Smile Beautifully with Black Paste

Activated Charcoal: The new "it" product for a stunning smile. Or is it?

Thich Nhat Hanh said, “Because of your smile, you make life more beautiful.”  I think we can all agree that Thich Nhat Hanh had a deeper meaning than just shiny, white teeth, but it seems like a great beginning to the Vietnamese monk's assessment of a smiles' value.

In today’s American pop culture having a bright, beautiful smile is an essential part of one’s image. We are constantly seeking out new procedures, products or technologies that can provide us with a radiantly white smile with the least amount of cost, medium amount of effort and the maximum amount of results.


activated charcoal for teeth whitening

So let’s talk about activated charcoal. This new product is blowing up the online market. It boasts 100% natural ingredients, stunning results and highly favorable reviews. However, some users have experienced gum sensitivity, no measurable results, and loss of enamel. So is it worth it? Does it do the job or is this just one more marketing scam?


Don’t be fooled by great marketing initiatives. Read the labels carefully, check ingredients and read reviews. Products that have an extensive number of positive reviews are going to be a good place to start. Wanting to know more about this "hot" new product we spent some time investigating if activated charcoal does what it claims in that it "whitens teeth to an ultimate level".  After some research this is what we uncovered.


Activated charcoal has been around for a long time and well used in a number of different ways. From skin care products to poison control interventions, air filters and more. It is no surprise that is has made its way through active marketing into improving our smiles. Many people who use activated charcoal for teeth whitening are convinced of the results despite of any possible side effects.


So how exactly does activated charcoal whiten teeth?


Charcoal is a porous, absorbent substance, allowing surface materials to be “soaked” up by the charcoal. The concept is simple: the activated charcoal can bind stains, like coffee or food, thus removing them from the surface of your teeth. It comes in a powdered form, typically sourced from coconut. You wet a toothbrush, dip it in the powder, and brush your teeth for 1-2 minutes, once a day. Different companies state results can be seen after just one use [see Active Wow Teeth Whitening Charcoal Powder here].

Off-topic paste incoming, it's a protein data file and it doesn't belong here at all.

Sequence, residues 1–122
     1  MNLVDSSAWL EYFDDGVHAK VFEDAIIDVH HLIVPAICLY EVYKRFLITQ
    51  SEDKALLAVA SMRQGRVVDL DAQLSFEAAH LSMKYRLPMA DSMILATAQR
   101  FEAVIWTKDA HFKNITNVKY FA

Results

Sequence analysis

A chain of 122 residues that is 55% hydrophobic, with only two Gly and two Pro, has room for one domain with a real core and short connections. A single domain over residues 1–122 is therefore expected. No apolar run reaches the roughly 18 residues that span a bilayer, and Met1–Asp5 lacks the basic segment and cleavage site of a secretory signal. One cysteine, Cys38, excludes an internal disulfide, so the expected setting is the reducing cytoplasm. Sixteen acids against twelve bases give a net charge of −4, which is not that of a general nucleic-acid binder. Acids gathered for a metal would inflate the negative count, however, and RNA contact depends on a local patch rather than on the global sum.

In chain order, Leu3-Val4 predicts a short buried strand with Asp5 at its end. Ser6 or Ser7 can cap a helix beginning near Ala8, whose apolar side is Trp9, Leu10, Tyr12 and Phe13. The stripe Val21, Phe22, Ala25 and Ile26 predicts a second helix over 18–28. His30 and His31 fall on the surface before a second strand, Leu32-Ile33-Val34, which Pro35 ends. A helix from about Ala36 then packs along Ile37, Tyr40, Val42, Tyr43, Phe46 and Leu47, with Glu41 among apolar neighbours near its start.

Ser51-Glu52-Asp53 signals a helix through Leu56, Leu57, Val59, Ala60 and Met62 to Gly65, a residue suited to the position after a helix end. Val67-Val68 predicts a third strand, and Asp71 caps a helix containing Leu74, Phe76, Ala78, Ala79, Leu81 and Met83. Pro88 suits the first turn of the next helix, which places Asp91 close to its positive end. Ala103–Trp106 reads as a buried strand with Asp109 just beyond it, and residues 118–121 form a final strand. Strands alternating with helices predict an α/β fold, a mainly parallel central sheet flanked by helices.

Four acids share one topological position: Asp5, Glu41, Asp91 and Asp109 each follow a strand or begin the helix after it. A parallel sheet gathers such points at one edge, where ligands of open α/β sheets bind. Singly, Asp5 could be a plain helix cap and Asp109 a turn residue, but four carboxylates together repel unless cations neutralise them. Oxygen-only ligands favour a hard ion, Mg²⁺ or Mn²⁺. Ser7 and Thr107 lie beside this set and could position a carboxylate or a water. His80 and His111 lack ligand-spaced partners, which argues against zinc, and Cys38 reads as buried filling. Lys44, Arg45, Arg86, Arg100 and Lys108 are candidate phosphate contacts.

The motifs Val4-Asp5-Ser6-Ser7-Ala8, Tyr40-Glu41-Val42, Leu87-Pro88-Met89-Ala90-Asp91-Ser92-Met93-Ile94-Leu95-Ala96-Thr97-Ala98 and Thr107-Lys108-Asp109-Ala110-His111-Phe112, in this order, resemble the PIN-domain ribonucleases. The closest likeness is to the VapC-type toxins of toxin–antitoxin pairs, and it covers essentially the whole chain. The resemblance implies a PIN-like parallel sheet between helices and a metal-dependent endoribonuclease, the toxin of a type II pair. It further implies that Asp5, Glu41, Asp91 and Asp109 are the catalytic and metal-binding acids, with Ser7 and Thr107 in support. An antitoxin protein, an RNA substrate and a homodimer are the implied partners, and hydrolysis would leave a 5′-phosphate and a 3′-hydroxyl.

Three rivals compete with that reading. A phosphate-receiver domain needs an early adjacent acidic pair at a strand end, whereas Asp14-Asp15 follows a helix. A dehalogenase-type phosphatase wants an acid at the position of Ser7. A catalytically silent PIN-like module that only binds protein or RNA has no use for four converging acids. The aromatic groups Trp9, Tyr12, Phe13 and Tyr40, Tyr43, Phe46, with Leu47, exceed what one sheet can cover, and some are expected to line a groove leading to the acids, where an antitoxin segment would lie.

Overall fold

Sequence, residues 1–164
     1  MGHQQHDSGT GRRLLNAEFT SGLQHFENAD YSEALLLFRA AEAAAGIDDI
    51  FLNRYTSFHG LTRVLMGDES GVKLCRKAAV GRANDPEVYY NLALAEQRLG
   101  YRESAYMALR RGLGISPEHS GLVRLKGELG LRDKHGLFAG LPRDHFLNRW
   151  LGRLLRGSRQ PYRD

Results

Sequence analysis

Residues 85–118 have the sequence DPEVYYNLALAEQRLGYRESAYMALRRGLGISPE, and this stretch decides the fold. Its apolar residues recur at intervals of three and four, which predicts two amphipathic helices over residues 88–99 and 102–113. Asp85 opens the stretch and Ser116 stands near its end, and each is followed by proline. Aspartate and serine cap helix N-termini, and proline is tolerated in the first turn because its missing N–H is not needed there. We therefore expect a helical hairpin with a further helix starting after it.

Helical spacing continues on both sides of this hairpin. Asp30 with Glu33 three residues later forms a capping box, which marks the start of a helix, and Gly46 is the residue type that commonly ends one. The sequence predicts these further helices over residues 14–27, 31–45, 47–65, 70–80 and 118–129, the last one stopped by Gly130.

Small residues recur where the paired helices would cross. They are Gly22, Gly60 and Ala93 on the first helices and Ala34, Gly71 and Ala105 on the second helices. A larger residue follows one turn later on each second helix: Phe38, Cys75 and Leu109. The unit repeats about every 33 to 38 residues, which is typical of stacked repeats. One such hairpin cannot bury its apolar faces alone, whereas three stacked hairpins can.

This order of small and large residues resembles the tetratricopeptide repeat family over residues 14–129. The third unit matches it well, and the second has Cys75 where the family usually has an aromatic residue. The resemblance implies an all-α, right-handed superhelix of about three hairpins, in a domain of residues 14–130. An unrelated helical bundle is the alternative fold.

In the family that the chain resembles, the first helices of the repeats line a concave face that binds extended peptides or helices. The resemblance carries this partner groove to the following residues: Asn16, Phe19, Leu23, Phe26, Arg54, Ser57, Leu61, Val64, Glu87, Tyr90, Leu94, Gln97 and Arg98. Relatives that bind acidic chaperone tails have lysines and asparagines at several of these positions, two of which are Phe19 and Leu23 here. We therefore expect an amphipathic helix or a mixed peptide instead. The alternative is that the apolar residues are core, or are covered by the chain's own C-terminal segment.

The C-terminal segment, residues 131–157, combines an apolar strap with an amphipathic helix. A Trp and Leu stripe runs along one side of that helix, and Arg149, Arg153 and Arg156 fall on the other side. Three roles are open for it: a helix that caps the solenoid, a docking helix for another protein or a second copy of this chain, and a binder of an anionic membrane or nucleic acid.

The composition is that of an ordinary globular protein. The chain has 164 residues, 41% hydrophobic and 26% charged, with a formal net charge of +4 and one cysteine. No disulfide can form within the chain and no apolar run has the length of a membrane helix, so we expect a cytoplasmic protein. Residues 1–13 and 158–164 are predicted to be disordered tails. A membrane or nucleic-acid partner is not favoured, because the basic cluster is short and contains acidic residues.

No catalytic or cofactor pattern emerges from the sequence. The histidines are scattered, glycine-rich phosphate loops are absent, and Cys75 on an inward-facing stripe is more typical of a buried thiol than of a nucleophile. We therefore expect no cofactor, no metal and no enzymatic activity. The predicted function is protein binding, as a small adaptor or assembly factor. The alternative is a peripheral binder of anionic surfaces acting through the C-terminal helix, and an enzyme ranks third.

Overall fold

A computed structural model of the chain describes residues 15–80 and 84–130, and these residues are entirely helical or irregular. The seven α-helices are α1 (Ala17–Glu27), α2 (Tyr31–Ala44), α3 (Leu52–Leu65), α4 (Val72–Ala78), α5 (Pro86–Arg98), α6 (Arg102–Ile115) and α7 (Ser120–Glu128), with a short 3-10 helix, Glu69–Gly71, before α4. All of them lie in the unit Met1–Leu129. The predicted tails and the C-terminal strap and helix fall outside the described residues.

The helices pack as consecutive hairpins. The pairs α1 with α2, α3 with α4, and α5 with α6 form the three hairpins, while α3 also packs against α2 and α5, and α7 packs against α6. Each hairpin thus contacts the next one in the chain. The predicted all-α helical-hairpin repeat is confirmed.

Dental Teeth Whitening

 Due to the recent popularity of the product, dentists are now becoming part of the equation, adding their concerns and recommendations for use. Since it is an abrasive substance, it is possible to have gum sensitivity and also a negative effect on enamel. There also does not seem to be any clinical studies on activated charcoals' effectiveness and possible side effects.


Minneapolis-based dentist and spokesperson for the American Dental Association Dr. Kim Harms, DDS says to hold off. “There’s no evidence at all that activated charcoal does any good for your teeth,” says Dr. Harms. She worries about the potential damage the grainy substance can do to your teeth and gums. “Like any abrasive, we’re worried about the effects on the gums and enamel on the teeth. We don’t know about the safety and effectiveness of it,” she says.  Additionally attempts to use charcoal in toothpaste have not been met with tremendous success.

Dr. Harms also notes that activated charcoal should not replace everyday teeth cleaning and regular visits to the dentist. “The important part of brushing and flossing is the physical removal of plaque. The toothpaste you’re using, from a dentist’s point of view, delivers fluoride to teeth,” she says. “We’re concerned about practices where people are using products without fluoride. Fluoride is nature’s cavity fighter and can cut tooth decay by up to 40 percent.”1

Activated charcoal may be able to provide you with a quick gleaming white smile with little effort, in a short time frame at a low cost and with no dental appointments necessary.  However, while many people claim to have positive results with just a few uses as with any aggressively marketed product be sure to really do your homework here.  If you already have sensitive teeth or gums this may not be a good solution.

We cannot endorse or encourage the use of any products and we highly recommend that before you try any products or procedures please make sure to speak to your dentist about which selection you are considering.





Dr. Steven Danney